The Signing of Isaiah Thomas Is Nothing but a Desperation Move for the Los Angeles Lakers, and It’s Not Fair to Him
The Los Angeles Lakers are expected to add a burst of offense by signing former NBA All-Star Isaiah Thomas to a 10-day contract. Thomas is fresh off a 42-point outing in his G League debut Wednesday, proving he can still score with the best of them. While Thomas showed he deserves another crack at the NBA, his impending signing signals a hint of desperation by the Lakers.
Isaiah Thomas has never lost his passion for basketball
Thomas has been at the top and hit rock-bottom as an NBA player. Even after his roller-coaster ride that took him through eight cities in 10 years, basketball’s version of Mr. Irrelevant (last pick in the 2011 NBA Draft), never gave up.
Thomas proved he could survive in the NBA with the Sacramento Kings before showing he could thrive in it with two All-Star seasons with the Boston Celtics. A hip injury and a trade to the Cleveland Cavaliers proved deadly for Thomas, who spent time with five different teams since 2018. This will be his second stint with the Lakers.
While the 5-foot-9 guard bounced around the country, he never gave up on playing the game he grew up loving.
“Before I loved anything, basketball was one of the first things I loved other than my parents and my family,” Thomas recently told SLAM. “As a kid, that was really the only thing that got me excited, like, in life.”
“And it’s just the same exact feeling that I had, when I was a kid, that I have now,” he continued. “It’s just something that’s difficult to explain. So that feeling hasn’t went anywhere, even as I got older, as I accomplished, you know, so many things in the game of basketball, especially in my career in the NBA, college. The love never changed.”
Isaiah Thomas deserves better than to just be a guy to fill out a roster for the Lakers
Although they are riding a season-high three-game win streak, the Lakers have underachieved this season. The team brought in Russell Westbrook this season to form their own Big Three, teaming him with Anthony Davis and LeBron James. They also added veteran scorer Carmelo Anthony.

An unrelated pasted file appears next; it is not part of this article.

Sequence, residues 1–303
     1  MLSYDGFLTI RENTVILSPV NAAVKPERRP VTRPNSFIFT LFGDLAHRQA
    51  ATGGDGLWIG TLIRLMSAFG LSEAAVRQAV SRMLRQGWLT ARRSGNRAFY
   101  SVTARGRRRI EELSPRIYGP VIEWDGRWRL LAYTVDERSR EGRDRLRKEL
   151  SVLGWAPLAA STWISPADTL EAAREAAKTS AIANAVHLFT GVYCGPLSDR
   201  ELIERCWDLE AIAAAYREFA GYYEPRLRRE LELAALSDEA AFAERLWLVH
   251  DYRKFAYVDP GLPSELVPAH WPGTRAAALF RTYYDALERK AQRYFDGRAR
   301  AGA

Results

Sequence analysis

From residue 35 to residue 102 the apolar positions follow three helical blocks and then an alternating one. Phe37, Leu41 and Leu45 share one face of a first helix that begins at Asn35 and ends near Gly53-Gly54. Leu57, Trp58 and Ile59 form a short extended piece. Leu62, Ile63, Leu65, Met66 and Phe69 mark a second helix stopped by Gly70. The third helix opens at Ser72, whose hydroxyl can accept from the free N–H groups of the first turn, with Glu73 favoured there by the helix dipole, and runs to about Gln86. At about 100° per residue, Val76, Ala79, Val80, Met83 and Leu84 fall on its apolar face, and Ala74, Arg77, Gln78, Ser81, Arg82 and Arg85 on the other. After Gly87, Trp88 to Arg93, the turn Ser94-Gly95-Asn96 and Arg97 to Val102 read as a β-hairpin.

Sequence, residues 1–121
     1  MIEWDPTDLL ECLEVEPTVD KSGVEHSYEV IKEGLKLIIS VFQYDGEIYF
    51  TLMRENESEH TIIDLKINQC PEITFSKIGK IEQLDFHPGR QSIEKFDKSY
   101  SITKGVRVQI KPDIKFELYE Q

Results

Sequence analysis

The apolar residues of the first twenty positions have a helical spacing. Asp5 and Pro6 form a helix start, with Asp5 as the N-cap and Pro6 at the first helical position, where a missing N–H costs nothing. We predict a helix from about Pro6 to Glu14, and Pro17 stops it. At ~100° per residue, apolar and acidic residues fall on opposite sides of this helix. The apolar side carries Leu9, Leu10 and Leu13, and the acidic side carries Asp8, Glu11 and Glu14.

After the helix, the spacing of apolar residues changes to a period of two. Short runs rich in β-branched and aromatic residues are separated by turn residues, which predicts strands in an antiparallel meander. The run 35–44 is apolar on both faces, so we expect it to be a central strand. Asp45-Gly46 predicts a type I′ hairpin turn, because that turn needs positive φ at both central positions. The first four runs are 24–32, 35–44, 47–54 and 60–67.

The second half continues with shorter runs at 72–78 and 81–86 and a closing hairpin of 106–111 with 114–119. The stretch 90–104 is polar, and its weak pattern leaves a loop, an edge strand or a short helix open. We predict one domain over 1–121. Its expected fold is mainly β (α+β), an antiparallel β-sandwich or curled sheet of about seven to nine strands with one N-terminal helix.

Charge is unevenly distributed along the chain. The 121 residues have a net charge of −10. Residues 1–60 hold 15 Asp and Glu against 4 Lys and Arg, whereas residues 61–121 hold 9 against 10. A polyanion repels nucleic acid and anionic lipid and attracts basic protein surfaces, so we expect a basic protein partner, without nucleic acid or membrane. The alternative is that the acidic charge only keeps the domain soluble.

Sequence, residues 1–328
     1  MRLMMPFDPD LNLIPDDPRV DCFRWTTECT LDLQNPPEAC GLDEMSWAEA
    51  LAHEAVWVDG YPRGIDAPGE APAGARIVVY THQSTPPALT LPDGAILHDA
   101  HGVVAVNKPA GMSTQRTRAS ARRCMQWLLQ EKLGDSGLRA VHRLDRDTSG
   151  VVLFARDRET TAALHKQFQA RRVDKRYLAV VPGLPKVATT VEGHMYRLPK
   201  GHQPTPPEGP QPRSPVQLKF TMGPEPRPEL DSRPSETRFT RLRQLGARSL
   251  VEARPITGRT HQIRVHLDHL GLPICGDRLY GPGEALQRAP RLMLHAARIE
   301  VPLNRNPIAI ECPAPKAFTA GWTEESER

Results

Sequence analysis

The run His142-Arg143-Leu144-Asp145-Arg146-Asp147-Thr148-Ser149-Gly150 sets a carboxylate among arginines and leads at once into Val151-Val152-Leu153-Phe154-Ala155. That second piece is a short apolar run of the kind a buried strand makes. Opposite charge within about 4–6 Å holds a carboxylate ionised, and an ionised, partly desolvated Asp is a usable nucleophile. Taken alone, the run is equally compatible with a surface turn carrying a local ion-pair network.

The Lakers are 16-13 and sit sixth in the Western Conference but have also had their share of injuries. Signing the hot-shooting guard is nothing but a desperate move to fill out their roster.
Thomas certainly deserves a shot at the NBA, but why did it take a big G League game for LA to get him on its roster? If they were interested in instant offense, why wouldn’t they have inked him before his 42-point outburst?
The Lakers are desperate. On Thursday, they announced guard Westbrook and Avery Bradley entered NBA’s health and safety protocols. The Lakers now have five players sidelined and would ink Thomas to the 10-day deal if granted a hardship exemption, ESPN reported. The signing of Thomas itself isn’t a desperate move. He can play. Had they been genuinely interested in bringing him on board, it would have happened before the Westbrook and Bradley news.
Although Thomas can still score at the NBA level, he’d likely still be out of the league had Westbrook and Bradley not entered the protocols. It’s a good opportunity for Thomas to showcase his talents for a week and a half, but when Westbrook and Bradley return, Thomas will likely be looking for NBA work again.
Thomas has always had to prove people wrong
Thomas sticking with the Lakers is a long shot. He lasted just 17 games in his first stint with the team during the 2017-18 season. If he goes beyond that the second time around, it will be surprising.
Should Thomas be let go when Westbrook and Bradley return, he’ll go back to fighting for another job. It’s a way of life for the point guard out of Washington. It’s been that way since about the fourth grade.
“I remember that was the first time I told a teacher, you know, at the beginning of the school year, what do you want to be when you grow up,” he said to SLAM. “And that was the first thing I said to the teacher. And it was, like, a no-brainer. I remember a few kids kind of giggling. That hurt my feelings. And I always remembered that feeling.”
His feelings might be hurt again, but he’ll be persistent. He believes in himself — always has.
He just needs to find a team that really wants him for his talent — not one in desperate need to fill out its roster.